Neuroticism predicts increased sensitivity in identifying negative facial affect in young adults
Published Web Locationhttps://doi.org/10.5070/RJ515355194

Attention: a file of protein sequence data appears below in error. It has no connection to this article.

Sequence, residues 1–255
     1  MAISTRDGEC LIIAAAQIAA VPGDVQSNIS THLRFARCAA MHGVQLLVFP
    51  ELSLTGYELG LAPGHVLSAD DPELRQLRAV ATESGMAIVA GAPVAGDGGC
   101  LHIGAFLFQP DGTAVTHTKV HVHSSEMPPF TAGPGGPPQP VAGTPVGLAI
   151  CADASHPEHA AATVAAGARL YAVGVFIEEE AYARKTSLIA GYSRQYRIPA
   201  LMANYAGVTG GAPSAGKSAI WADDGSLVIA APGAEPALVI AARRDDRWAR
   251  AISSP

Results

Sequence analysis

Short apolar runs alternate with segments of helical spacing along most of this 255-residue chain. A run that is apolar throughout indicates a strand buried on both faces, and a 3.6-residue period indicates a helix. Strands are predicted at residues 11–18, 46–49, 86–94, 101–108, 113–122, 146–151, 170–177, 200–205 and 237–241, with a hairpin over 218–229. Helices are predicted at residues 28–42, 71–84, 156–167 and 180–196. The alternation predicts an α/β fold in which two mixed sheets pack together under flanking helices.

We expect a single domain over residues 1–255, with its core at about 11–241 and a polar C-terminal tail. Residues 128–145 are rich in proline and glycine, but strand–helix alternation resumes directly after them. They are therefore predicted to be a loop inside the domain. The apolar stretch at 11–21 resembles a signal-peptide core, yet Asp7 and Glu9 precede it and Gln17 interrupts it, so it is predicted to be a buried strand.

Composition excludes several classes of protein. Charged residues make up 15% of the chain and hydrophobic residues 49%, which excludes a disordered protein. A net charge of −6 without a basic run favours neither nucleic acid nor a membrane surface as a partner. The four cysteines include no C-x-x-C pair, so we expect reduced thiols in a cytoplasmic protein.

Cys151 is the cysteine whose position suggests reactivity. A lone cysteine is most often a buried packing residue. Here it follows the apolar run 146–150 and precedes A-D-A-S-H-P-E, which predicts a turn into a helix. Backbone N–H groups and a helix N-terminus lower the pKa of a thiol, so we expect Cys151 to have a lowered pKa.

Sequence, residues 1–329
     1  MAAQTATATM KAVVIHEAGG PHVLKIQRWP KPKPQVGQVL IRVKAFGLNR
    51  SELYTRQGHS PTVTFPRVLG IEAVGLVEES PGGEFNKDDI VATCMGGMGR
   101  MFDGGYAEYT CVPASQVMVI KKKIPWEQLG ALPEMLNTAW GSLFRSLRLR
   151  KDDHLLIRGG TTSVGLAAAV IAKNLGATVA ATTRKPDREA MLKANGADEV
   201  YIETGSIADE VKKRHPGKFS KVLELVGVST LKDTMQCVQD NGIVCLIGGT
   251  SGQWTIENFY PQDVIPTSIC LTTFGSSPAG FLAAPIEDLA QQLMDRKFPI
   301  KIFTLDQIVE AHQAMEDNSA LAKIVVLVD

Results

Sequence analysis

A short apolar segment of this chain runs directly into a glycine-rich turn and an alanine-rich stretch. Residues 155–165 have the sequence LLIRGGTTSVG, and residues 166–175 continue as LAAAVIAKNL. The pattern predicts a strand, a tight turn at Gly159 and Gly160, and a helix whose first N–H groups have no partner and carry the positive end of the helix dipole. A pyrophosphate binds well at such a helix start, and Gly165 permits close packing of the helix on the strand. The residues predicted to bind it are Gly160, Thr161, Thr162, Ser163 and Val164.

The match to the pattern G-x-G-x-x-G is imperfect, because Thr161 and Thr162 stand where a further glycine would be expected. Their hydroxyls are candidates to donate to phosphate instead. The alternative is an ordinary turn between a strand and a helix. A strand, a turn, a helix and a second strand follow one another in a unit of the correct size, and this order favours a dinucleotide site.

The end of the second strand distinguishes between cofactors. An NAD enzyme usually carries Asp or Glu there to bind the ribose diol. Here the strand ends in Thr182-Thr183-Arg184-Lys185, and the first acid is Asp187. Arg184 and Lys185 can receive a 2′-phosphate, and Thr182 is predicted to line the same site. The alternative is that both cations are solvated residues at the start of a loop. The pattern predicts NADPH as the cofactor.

Our personalities color how we interpret others’ emotions. Some people have an increased tendency to identify others’ facial affect as negative or threatening, which may lead to the misinterpretation of social cues, poor responses in social settings, and could exacerbate feelings of stress or anxiety in social situations. Yet, studies linking personality traits on the Big Five Inventory (BFI), specifically neuroticism, to emotion recognition are mixed (Cunningham, 1977; Matsumoto et al., 2000). This study investigated the effect of neuroticism on people’s discriminability and speed when identifying others’ facial emotions. Participants (n = 37) judged the emotion of faces that were morphed along two emotion spectra: happiness to fear and happiness to anger. Responses determined participants’ negativity threshold, or the point on the spectrum where their judgment switched from happy to angry or fearful. We tested the hypothesis that people who scored high on the neuroticism scale of the BFI would detect negative emotions more readily than people scoring low on neuroticism. We also measured the influence of personality traits on response time. As expected, we observed that high neurotic people were more sensitive to negative facial affect than low neurotic people. This extends on the research finding that individuals high in neuroticism have high emotional reactivity to negative stimuli to include ambiguous facial expressions. However, contrary to our hypothesis, response time was not associated with neuroticism level. Together, our findings suggest that people high in neuroticism have an increased sensitivity to detect negative facial emotions. Future studies should test whether the misinterpretation of social cues leads to impoverished social connections.